Northern Ireland

Scottish avalanche victim was from Northern Ireland

Una Rachel Finnegan
Image caption The death of Una Finnegan and three other climbers has been described as an "appalling tragedy"

One of the four climbers killed in an avalanche on a Scottish mountain has been named as Una Rachel Finnegan, 25, from County Londonderry,

She had been working in Edinburgh as a junior doctor.

Six climbers were caught up in the avalanche on Bidean Nam Bian in Glencoe at about 14:00 GMT on Saturday.

Nicola Madden, vice-principal of Dalriada School in Ballymoney described her former pupil as a "very bright and talented young student".

"She was caring, considerate, was a great role model and she was actively involved in the Duke of Edinburgh Award scheme in school," Ms Madden said.

"She and her sister both were actively involved in the scheme and probably started their love for the mountains in the school.

"It's very said for it to end in such a tragic manner."

Scotland's First Minister Alex Salmond called it "an appalling tragedy" and said: "To lose four people from a party of six is truly devastating".

Three of the other victims have been named as, Tom Chesters, 28, who was living in Leeds and 24-year-old Christopher Bell, from Blackburn.

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Media captionStatement read out by police on behalf of a Glencoe survivor: "It is with much sadness and deep regret that some of my friends have died"

The name of the fourth victim, a woman, has not been released yet.

A fifth climber, a 24-year-old woman from the Durham area, is in a critical condition in a Glasgow hospital with serious head injuries.

The sixth member of the party, who survived the avalanche in Glencoe, said they were all "experienced winter walkers".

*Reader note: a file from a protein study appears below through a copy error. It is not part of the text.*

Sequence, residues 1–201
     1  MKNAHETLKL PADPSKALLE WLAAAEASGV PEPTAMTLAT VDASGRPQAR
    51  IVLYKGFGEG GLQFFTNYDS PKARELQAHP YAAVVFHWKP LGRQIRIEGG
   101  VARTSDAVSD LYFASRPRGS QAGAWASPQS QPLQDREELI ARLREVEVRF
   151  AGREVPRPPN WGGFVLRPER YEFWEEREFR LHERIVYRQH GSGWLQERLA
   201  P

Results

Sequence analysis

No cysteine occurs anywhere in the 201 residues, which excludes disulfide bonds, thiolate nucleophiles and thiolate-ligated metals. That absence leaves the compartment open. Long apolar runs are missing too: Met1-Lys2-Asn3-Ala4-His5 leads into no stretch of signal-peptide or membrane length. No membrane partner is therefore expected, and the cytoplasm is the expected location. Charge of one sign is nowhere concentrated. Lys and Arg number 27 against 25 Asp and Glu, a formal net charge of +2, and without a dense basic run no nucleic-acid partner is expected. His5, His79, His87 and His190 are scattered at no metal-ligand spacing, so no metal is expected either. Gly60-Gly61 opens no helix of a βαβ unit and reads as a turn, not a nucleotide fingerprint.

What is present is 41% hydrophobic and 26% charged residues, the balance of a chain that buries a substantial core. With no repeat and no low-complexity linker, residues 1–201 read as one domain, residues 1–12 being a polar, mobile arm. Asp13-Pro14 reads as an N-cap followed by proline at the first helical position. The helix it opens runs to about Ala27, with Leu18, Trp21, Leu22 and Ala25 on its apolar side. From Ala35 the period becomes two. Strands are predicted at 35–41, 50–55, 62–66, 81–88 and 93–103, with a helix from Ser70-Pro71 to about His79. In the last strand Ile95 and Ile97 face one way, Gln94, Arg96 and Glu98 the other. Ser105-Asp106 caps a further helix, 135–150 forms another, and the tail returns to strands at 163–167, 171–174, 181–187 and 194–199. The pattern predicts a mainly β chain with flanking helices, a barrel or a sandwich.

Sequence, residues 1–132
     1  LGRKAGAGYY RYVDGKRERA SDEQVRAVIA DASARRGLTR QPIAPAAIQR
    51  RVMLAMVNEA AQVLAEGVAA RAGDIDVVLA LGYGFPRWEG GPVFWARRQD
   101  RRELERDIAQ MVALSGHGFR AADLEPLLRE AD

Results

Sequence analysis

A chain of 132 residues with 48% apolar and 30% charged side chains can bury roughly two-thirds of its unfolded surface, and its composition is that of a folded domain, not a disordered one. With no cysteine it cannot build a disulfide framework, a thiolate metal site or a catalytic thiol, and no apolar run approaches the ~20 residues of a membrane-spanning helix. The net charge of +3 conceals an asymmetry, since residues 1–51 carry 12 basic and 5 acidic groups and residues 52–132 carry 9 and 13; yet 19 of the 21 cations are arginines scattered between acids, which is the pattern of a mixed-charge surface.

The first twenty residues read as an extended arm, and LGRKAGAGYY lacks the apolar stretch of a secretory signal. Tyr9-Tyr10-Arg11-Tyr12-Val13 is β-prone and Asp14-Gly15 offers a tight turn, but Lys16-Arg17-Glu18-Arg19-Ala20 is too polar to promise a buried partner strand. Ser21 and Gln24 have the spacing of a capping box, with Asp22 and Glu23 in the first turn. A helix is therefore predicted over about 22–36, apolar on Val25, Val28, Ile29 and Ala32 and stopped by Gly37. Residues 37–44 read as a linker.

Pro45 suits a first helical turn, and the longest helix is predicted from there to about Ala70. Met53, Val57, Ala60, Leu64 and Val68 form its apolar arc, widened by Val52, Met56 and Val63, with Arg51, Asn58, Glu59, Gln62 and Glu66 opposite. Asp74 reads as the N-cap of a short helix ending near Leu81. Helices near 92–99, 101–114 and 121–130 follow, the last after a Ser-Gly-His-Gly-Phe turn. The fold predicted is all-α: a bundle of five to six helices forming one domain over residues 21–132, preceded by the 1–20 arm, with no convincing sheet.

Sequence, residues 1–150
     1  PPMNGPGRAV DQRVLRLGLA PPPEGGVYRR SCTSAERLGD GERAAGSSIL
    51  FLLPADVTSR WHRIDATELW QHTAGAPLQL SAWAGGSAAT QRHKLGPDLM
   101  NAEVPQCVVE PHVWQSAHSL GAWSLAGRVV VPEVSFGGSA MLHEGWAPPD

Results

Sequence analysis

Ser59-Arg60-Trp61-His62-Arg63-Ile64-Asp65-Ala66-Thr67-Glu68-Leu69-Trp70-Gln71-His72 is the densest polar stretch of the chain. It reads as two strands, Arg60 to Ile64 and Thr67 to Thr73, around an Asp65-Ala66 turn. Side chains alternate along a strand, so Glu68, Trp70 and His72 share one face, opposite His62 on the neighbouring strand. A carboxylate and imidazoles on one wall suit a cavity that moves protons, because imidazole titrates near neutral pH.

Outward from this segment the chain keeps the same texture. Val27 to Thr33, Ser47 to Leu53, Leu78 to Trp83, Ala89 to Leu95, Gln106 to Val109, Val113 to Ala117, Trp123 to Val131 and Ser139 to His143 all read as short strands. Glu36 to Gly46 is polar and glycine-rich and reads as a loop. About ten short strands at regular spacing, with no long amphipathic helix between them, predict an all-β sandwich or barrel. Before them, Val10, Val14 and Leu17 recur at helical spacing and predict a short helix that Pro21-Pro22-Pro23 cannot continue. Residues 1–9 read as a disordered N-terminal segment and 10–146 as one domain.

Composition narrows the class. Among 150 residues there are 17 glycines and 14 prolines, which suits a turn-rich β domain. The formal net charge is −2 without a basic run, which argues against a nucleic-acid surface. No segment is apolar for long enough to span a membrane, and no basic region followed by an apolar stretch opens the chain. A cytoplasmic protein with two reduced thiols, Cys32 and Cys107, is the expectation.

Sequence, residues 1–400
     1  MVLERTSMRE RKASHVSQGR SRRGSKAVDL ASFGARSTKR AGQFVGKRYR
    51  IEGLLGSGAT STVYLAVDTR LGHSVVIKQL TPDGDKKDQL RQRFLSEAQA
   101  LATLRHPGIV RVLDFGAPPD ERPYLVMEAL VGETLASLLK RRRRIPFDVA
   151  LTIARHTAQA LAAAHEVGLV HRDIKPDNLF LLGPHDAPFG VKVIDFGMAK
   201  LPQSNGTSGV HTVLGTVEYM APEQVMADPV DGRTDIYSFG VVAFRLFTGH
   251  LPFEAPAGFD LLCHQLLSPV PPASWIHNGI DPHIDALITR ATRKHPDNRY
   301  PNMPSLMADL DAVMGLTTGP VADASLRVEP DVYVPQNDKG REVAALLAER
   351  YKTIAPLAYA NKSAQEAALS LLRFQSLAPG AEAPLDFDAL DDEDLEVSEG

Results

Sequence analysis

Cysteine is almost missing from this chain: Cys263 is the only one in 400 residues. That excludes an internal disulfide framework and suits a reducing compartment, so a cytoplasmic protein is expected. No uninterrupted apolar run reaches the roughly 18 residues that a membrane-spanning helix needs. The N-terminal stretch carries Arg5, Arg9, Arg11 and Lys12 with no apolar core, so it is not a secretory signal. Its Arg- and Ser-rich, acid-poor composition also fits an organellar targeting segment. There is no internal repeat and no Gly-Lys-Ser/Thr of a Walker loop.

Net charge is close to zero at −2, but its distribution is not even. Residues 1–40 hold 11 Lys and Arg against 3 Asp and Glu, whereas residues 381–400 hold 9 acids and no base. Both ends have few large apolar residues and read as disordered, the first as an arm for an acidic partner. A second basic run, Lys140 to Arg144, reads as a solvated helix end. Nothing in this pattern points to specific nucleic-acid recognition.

John Armstrong, who is originally from Newtownards in County Down, is now a mountain rescue trainer in Scotland.

He was in the Glencoe area at the weekend and said that during winter in Scotland, even experienced climbers can be "caught out".

"Although there hasn't been much actual snowfall in Scotland over the last week, it's been very windy, Mr Armstrong said.

"It's the wind that transports the snow and deposits it in these localised areas, creating very unstable wind slabs."

The Reverend Moira Herkes of St Munda's Church, in the Highlands, said it was "the worst accident here for many years".

"It is very distressing, because people come here for pleasure and when something like this happens it hurts everyone involved," said Ms Herkes.

"This is a very beautiful place, but at times it can be very dangerous."

It is understood the group were descending from a peak on the south side of the valley, when the slope they were on broke away.

Five of them were swept down the mountain and engulfed by ice and snow.

John Grieve, leader of Glencoe mountain rescue team, which co-ordinated the search, said the alarm was initially raised by two climbers - who were not part of the group of six - when they discovered one of the casualties lying in the snow.

Soon after, police were contacted by the party's male survivor who told them more people were missing.

A major search operation, involving two mountain rescue teams and police dogs, located the bodies of the climbers.

Bidean Nam Bian is a Munro - a mountain higher than 3,000ft - with a number of different climbs.

Anyone who is concerned about relatives climbing in the area is advised to contact Northern Constabulary's control room on 01463 715555.

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